The following is a posting of Carol’s Comments by Carol Rusinek.
Hello Everyone! Welcome to another issue of Carol’s Comments. I am a volunteer at the River Park Branch Library. Summer was a wonderful time for avid book, movie and TV lovers to indulge in guilty pleasures. I was no exception. Along with scheduling Mad Men DVD marathons every weekend, I immersed myself in Kate Morton’s other two novels, The House at Riverton and The Distant Hours.
Like The Forgotten Garden (which I reviewed in May’s column), Morton’s other two novels have very captivating plots because they successfully interweave the present day with the past through flashbacks. The narratives are so spellbinding that the reader has a tough time putting the books down. When I was reading The House at Riverton and The Distant Hours, many evenings I stayed up past midnight engrossed in the storylines.
All three novels feature independent heroines who discover unknown truths about themselves while unraveling long-buried family mysteries and secrets. If you enjoyed Daphne du Maurier’s Rebecca, The Thorn Birds by Colleen McCullough or the entire series of Upstairs Downstairs, you’ll love Kate Morton, my new favorite author. I’m eagerly looking forward to her next book.
After pulling myself away from Kate Morton, I wanted to focus on more serious themes as autumn approached. When consulting the ever reliable New York Times Bestseller List online and getting recommendations from friends, I found what I was looking for. The two books I selected featured people who faced challenges with courage and determination.
In the first book, Nothing Daunted: the Unexpected Education in the of Two Society Girls in the West, Dorothy Wickendon tells the true story of her grandmother Dorothy Woodruff who with her best friend Rosamond Underwood , went to Elkhead, Colorado in 1916 and became schoolteachers for a year. Despite its rather academic style, this well researched biography not only vividly recounts these two remarkable women’s adventures on the Colorado frontier but gives the reader a glimpse of everyday life in early 2oth century America.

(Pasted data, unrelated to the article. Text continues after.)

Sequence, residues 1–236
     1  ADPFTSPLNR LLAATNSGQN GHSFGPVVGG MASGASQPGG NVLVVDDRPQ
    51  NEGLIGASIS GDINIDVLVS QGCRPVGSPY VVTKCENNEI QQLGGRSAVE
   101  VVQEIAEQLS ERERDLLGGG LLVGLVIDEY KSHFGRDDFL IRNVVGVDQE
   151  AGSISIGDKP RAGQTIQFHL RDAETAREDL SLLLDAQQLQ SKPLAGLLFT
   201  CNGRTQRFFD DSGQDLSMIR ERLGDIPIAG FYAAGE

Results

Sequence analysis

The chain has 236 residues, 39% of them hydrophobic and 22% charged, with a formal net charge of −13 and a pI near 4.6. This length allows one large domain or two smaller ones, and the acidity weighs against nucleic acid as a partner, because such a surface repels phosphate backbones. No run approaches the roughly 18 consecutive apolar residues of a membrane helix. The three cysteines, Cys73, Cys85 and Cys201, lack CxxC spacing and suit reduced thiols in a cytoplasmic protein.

Ironically, I started the second book, Hotel on the Corner of Bitter and Sweet by Jamie Ford on the weekend of the 9/11 tenth anniversary. Set in Seattle during World War II, Ford’s debut novel focuses on the unlikely friendship between Henry Lee, a Chinese boy and Keiko Okabe, a Japanese girl. Through the children’s eyes, the reader dramatically experiences the discrimination and prejudice endured by the Japanese-American community during one of the most despicable yet often forgotten chapters in modern American history.
After Keiko and her family are evacuated to internment camps first outside of Seattle and then in Idaho, Henry is determined to find her. With the help of a school cafeteria matron and later his jazz musician friend Sheldon Thomas, he travels to both relocation centers to visit her and witnesses firsthand the hardships Keiko’s family have to face daily.
Despite his father’s adamant disapproval, Henry corresponds with Keiko for over two years. When his letters return unopened in late 1945, he never stops wondering what happened to her. Forty years later, Henry finally discovers Keiko’s whereabouts when he unearths many of her long-lost treasures in the basement of the old Panama Hotel. This heartwarming story poignantly illustrates that time, distance and adversity cannot diminish true friendship.
These books and other gems can be found at all SJCPL locations. For more information ,visit the library’s website at www.libraryforlife.org . Before I go, I’d like to thank all my readers for your thoughtful insights and comments about the books and movies I’ve reviewed in this column. Thanks for reading! See you next time.